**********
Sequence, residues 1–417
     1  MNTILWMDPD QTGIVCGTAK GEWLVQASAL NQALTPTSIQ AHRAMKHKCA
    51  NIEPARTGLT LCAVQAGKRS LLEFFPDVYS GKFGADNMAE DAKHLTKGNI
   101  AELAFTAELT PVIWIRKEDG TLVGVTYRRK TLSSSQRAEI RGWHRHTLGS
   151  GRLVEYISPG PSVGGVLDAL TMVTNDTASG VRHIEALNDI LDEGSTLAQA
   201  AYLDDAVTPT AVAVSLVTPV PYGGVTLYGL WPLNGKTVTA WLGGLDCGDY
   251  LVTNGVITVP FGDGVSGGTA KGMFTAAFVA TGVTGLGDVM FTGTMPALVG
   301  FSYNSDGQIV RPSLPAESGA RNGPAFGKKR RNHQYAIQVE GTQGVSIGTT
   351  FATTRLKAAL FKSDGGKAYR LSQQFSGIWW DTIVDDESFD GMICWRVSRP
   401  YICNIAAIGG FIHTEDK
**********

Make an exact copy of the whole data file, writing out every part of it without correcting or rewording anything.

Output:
Sequence, residues 1–417
     1  MNTILWMDPD QTGIVCGTAK GEWLVQASAL NQALTPTSIQ AHRAMKHKCA
    51  NIEPARTGLT LCAVQAGKRS LLEFFPDVYS GKFGADNMAE DAKHLTKGNI
   101  AELAFTAELT PVIWIRKEDG TLVGVTYRRK TLSSSQRAEI RGWHRHTLGS
   151  GRLVEYISPG PSVGGVLDAL TMVTNDTASG VRHIEALNDI LDEGSTLAQA
   201  AYLDDAVTPT AVAVSLVTPV PYGGVTLYGL WPLNGKTVTA WLGGLDCGDY
   251  LVTNGVITVP FGDGVSGGTA KGMFTAAFVA TGVTGLGDVM FTGTMPALVG
   301  FSYNSDGQIV RPSLPAESGA RNGPAFGKKR RNHQYAIQVE GTQGVSIGTT
   351  FATTRLKAAL FKSDGGKAYR LSQQFSGIWW DTIVDDESFD GMICWRVSRP
   401  YICNIAAIGG FIHTEDK